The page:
NASA collaborators recently admitted that they’re not sure what’s wrong with the InSight lander’s instrument that was supposed to dig into the surface of Mars and measure the heat flow of the planet’s interior.
“At about 30 centimeters depth we encountered something,” said Germany space agency researcher Tilman Spohn at a recent conference, according to Space News. “We don’t know yet if it’s a harder layer of regolith or a rock.”
InSight started digging in late Febraury, and the team admitted it had run trouble in early March. Now, researchers are reportedly gathering data and deciding whether to keep drilling or consider pulling out to try again.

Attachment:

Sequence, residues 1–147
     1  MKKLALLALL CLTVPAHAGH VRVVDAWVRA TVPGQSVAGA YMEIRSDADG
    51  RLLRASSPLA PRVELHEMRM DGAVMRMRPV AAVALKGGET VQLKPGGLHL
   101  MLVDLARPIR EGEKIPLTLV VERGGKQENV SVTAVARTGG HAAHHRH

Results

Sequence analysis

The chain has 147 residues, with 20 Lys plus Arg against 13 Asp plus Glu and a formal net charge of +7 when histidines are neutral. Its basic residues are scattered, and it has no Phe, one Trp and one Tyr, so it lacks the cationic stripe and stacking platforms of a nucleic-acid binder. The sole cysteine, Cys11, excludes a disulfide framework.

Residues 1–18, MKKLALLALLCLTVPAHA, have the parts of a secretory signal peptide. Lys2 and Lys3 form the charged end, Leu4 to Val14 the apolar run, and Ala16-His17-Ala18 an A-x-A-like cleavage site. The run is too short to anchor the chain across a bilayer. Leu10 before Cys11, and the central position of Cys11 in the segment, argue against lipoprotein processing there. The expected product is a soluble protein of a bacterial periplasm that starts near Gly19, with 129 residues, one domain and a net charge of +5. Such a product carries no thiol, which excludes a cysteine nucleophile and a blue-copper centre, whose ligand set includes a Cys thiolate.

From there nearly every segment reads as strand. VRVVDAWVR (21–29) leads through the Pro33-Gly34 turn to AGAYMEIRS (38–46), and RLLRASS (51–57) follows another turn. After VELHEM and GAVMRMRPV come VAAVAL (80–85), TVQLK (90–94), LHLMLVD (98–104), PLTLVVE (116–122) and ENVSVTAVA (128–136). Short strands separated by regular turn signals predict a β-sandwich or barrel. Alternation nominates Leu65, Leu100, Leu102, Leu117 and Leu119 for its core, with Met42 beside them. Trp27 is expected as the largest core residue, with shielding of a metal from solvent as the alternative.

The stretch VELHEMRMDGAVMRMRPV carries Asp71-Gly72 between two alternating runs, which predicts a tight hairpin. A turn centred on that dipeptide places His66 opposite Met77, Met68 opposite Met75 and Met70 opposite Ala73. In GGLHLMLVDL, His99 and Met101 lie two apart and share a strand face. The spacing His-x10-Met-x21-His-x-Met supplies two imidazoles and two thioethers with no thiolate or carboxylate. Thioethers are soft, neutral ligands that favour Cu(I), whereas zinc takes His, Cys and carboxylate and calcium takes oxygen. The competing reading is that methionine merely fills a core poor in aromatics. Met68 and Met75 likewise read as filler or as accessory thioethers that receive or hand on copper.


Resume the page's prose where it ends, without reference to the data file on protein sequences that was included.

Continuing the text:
“We can probably start trying to penetrate again in a few weeks,” Spohn said, according to Space News. “Before that, we want to make sure we’re doing the right things.”
READ MORE: Engineers still studying problem with InSight heat flow probe [Space News]
More on InSight: NASA’s InSight Mars Rover Runs Into Trouble Digging a Hole